It’s hard to predict which delays will last, and which will disappear over time. In longitudinal studies, speech delays that start to disappear in the preschool years are associated with factors like isolated speech-language problems (that is, children who tended to meet other milestones at more usual times), no problems with receptive language, normal nonverbal skills and communication in gestures and body language, and symbolic thinking (like playing with dolls, or playing pretend).

Persistent developmental delays, on the other hand, may be a challenge for children throughout childhood and into adulthood. These delays can be caused by disorders that can be diagnosed, but are also often not known. In either case, delays generally fall into four categories, although children can experience delays in any one or any combination of those categories.

  • Motor development: Motor development is divided into fine and gross motor skills. Fine motor skills, like holding a crayon or pencil, or putting small objects into a bowl, require using the muscles or the hand, fingers, and wrist to complete refined tasks. Gross motor skills, like crawling, standing, walking, or climbing stairs, use large muscle groups in the neck, arms, legs, and trunk to move around effectively. Delays in motor development are often related to muscle control, and can be caused by any of several conditions or disorders.
  • Cognitive development: Delays in cognitive development can cause problems with thinking and learning, or with forming short- and long-term memories, mastering new skills, and problem-solving.
  • Language development: Delays in communication can show up in both receptive language (understanding what’s said to them) and expressive language (speaking to or communicating with others) and can have roots in physical challenges, like muscle control or hearing loss, or in cognitive delays.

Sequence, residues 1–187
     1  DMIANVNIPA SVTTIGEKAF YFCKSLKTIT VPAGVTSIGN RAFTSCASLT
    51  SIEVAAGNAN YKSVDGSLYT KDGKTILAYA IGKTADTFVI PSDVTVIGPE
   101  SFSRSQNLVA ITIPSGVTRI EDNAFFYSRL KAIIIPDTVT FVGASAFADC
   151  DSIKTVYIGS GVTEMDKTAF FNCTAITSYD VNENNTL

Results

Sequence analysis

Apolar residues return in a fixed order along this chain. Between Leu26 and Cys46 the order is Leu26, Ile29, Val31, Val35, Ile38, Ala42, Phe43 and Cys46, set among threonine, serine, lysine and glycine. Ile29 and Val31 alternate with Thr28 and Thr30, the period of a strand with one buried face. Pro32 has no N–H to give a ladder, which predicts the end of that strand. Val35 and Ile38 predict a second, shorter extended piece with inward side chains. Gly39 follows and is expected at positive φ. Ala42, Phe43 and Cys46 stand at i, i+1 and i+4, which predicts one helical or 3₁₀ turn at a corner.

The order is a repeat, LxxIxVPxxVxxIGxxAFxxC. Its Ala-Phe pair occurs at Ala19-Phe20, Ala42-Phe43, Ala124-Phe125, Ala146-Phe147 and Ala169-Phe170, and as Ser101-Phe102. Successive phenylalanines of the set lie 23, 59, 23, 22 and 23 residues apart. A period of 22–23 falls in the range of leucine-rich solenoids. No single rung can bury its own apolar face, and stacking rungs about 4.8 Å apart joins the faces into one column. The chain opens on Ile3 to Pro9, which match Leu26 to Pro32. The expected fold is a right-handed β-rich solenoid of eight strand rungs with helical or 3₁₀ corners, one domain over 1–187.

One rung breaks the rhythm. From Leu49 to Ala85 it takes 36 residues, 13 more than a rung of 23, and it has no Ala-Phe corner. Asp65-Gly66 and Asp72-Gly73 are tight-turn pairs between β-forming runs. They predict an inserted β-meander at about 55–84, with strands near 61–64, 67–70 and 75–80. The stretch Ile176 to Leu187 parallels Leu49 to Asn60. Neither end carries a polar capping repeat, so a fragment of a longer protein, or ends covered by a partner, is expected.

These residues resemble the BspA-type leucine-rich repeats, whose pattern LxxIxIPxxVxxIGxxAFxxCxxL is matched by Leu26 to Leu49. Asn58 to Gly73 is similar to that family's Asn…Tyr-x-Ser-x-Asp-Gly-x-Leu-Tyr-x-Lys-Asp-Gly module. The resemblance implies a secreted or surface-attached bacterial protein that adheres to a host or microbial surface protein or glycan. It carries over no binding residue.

• Socio-emotional development: Social skills are a big part of emotional development as children grow, and are tied up in the way children relate to other children, caregivers, and their own feelings.

The fifth type of developmental delay that’s sometimes talked about is adaptive behavior delay, which can be caused by any combination of other delays, but manifests as delays in developing skills they need to start taking care of themselves, like feeding themselves or dressing themselves at an age-appropriate level, personal hygiene, and, eventually, household maintenance, and skills like cooking and cleaning.

Developmental delays can be scary for parents, so it’s a good idea to have clear lines of communication with your child’s primary care provider, and let them know about any concern you might have regarding your child’s development.

  • Kyla Boyse. “Developmental delays.” University of Michigan Health Center. Regents of the University of Michigan, February 2010. Web.
  • Dinah Reddihough, Cathy Marraffa, Marg Rowell, Rod Carne, Libby Ferguson. “Developmental delay: An information guide for parents. The Royal Children’s Hospital Melbourne, 2009. Web.
  • “Eligibility Criteria.” New York State Department of Health. New York State, August 2005. Web.
  • “How is Developmental Delay Diagnosed?” My Child Without Limits. United Cerebral Palsy, 2016. Web.
  • “States’ and territories’ definition of/criteria for IDEA Part C eligibility.” EctaCenter. Early Childhood Technical Assistance Center, March 4 2015. Web.
Get the Ovia Parenting app
Get our app at the Apple App Store Get our app at the Apple App Store Get our app at the Google Play Store Get our app at the Google Play Store